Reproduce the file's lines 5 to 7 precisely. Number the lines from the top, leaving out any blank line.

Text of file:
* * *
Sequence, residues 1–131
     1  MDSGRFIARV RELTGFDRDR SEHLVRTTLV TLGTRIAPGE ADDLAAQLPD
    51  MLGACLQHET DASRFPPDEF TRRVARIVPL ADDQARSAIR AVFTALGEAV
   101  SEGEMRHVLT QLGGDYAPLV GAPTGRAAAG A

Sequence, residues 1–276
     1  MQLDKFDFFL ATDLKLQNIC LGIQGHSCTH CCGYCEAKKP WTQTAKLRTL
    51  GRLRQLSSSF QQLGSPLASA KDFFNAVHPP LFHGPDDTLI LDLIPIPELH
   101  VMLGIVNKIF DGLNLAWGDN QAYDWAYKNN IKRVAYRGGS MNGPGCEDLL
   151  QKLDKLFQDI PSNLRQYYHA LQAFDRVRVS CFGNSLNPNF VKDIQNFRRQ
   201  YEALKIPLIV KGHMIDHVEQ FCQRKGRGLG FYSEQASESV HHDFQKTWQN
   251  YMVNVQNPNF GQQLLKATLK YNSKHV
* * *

Sequence, residues 1–276
     1  MQLDKFDFFL ATDLKLQNIC LGIQGHSCTH CCGYCEAKKP WTQTAKLRTL
    51  GRLRQLSSSF QQLGSPLASA KDFFNAVHPP LFHGPDDTLI LDLIPIPELH